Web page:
Financial service firm American Express (AmEx) (NASDAQ: AXP) says it will adopt a cautious stance toward the integration of artificial intelligence (AI) services into its offering for consumers.
In a VentureBeat report, AmEx Senior Vice President Luke Gebb confirmed that the company has no plans to launch its own large language model (LLM) despite the popularity of ChatGPT and Bard. Instead, Gebb said that AMEX would be keen on leveraging existing LLM products but did not disclose any information on potential partnerships.
“Our hypothesis at the moment is that we would be better suited using LLMs through partnerships. I don’t see us spinning up our own LLM from scratch,” Gebb stated.
Despite the cautious approach, Gebb shared that AmEx could release a suite of generative AI products for its clients, particularly in transaction approval. Gebb added that the payments firms may leverage AI for predictive analysis and “approving cards and lines of credit.”
Other potential use cases for generative AI for AmEx include customer sentiment analysis and interactions. Laura Grant, Vice President of Product Development AmEx Digital Labs, said all potential use cases would be geared towards personalization, proactiveness, and predictiveness.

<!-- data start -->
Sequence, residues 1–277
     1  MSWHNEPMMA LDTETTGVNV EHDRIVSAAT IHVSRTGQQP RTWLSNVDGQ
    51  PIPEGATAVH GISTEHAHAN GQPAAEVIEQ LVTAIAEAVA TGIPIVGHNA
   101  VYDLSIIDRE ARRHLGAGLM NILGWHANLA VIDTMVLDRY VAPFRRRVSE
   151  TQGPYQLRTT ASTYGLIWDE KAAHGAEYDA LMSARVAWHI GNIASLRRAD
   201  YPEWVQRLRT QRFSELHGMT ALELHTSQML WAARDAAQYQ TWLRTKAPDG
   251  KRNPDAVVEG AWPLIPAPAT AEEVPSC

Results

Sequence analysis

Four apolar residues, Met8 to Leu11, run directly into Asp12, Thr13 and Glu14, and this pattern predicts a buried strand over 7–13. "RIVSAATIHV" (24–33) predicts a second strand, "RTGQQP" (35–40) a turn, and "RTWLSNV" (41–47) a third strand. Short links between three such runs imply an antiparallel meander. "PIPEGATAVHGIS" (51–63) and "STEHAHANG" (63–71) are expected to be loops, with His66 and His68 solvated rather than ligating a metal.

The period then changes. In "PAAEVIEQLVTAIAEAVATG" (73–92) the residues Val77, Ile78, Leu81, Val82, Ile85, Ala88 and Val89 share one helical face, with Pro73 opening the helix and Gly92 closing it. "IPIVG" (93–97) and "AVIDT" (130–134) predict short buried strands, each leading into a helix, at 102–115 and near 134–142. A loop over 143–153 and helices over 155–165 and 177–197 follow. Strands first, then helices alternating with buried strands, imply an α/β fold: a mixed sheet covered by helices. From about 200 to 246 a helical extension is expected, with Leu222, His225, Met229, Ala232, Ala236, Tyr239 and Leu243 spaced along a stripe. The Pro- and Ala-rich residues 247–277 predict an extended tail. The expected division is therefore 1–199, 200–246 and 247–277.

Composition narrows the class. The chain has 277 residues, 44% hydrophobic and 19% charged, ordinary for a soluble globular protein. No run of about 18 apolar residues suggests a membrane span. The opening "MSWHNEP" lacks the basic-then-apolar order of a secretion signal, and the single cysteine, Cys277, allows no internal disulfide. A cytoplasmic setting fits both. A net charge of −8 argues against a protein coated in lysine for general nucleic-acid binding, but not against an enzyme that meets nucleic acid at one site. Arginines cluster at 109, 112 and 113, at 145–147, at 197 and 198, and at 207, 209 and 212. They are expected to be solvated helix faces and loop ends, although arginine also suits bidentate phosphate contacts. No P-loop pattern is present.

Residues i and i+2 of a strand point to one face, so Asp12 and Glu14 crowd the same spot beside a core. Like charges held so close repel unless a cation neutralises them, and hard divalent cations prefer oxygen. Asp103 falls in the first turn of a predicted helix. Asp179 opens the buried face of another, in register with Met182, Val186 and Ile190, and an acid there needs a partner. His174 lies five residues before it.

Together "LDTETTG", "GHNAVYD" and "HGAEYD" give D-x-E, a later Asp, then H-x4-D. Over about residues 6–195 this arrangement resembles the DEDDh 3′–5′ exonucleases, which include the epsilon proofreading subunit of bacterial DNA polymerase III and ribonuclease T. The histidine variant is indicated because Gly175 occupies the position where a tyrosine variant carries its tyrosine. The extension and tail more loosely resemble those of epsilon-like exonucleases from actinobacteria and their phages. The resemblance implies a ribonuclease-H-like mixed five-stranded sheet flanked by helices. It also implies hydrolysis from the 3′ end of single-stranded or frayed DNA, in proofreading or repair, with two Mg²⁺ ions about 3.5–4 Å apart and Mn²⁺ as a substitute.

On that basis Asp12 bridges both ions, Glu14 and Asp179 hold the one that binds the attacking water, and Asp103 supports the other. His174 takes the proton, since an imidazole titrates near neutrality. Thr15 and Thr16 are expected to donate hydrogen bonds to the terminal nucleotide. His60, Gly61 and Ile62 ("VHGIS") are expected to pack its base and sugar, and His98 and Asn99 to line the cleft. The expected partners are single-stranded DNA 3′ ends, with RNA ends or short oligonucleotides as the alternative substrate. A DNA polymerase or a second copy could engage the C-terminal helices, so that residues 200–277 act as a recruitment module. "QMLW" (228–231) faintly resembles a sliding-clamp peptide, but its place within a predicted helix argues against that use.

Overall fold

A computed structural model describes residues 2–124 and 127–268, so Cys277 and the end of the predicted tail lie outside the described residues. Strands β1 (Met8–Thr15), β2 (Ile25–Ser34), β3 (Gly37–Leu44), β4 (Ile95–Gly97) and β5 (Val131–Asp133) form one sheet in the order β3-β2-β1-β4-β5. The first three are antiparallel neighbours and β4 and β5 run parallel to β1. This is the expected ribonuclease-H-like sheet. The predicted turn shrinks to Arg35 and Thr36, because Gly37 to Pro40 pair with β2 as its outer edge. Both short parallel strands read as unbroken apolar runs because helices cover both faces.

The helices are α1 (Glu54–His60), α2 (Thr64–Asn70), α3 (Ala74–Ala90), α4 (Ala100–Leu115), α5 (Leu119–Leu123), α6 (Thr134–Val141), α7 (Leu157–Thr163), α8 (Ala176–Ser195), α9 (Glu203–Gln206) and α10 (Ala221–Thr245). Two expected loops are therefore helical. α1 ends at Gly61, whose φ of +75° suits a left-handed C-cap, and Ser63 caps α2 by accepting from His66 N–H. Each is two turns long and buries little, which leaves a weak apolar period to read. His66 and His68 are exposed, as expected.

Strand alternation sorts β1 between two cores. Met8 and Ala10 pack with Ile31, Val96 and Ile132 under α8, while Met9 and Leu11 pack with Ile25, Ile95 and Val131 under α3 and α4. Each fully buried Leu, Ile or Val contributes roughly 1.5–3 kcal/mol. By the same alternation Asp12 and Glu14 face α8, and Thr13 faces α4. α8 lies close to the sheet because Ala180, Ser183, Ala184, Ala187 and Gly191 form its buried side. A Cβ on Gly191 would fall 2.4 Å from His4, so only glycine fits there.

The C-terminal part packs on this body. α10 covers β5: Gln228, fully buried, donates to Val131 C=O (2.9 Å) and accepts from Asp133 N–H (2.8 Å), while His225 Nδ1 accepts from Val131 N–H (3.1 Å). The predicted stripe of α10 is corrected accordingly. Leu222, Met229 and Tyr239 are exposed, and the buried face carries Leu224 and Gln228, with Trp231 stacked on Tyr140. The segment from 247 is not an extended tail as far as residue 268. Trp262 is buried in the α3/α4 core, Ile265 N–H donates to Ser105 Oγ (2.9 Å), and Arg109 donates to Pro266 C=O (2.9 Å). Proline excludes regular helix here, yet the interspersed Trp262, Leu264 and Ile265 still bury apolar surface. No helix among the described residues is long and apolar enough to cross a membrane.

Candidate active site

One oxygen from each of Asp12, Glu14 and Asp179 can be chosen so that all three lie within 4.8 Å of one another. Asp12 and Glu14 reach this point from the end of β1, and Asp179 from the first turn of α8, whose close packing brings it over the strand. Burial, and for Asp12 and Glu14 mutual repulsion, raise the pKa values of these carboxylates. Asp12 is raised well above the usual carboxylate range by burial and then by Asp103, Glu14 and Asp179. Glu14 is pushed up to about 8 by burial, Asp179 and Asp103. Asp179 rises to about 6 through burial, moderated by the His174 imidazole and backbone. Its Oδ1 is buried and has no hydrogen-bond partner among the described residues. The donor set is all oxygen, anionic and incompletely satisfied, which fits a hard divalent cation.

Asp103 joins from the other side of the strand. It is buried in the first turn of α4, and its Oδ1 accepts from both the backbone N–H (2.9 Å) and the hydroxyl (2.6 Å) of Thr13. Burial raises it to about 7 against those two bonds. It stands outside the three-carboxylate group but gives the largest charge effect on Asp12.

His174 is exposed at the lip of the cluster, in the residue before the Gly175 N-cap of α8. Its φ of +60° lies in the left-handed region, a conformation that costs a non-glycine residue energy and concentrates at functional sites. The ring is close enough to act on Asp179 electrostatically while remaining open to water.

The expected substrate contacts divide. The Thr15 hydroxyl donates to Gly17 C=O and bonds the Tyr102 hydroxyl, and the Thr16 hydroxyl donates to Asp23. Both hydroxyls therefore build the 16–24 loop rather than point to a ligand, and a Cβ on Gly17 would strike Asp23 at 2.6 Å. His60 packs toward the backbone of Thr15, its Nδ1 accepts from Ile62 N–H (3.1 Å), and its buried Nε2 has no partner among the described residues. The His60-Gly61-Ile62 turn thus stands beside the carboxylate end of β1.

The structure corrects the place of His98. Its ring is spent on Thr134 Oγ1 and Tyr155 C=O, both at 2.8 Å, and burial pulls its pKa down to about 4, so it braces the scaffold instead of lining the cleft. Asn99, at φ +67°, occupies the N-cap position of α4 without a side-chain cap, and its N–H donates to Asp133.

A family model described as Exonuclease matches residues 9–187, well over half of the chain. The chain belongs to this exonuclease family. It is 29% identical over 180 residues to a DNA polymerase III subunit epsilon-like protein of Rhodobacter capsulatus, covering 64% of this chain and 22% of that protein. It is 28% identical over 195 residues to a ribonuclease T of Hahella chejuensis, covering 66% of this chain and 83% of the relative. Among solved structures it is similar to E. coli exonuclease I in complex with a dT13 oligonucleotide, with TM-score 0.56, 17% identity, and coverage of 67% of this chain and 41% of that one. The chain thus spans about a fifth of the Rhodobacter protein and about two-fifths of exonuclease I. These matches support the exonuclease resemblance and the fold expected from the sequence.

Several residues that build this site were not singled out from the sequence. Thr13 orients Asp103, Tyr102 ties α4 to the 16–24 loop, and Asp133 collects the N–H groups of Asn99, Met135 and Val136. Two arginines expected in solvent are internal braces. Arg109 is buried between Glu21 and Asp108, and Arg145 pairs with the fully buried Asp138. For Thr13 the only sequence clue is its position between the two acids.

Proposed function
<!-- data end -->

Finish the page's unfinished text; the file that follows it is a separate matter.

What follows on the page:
AmEx is aware of the security risks associated with AI usage among employees, stating that it is experimenting with “ring-fencing” to mitigate risks. Gebb explained that only a selected class of staff could access LLMs from their employee laptop to prevent data leaks.
Security issues involving generative AI for Big Tech firms came to light after Samsung (NASDAQ: SSNLF) confirmed that it suffered a data breach after an employee inputted a source code on OpenAI’s ChatGPT.
AmEx has been experimenting with AI before the buzz around the technology reached a crescendo. The payments giant acquired the firm behind the creation of AI firm MEZI in 2018 while its 100-man technology team continues to probe potential use cases for the technology.
Clamping down on generative AI
While consumers are speeding up the adoption of AI, big tech firms and governments have expressed concerns over the potential risks associated with their usage. JP Morgan (NASDAQ: JPM) joins the ranks of firms like Amazon (NASDAQ: AMZN), Verizon (NASDAQ: VZ), Accenture, and Citi, which have banned employees from using regenerative AI tools on company devices.
On the government side of things, China has launched a crackdown on using ChatGPT while Italy, France, Sweden, and Canada inch toward tighter regulations. The digital currency industry, music, and art appear to have borne the brunt of AI misuse amid privacy and intellectual property rights concerns.
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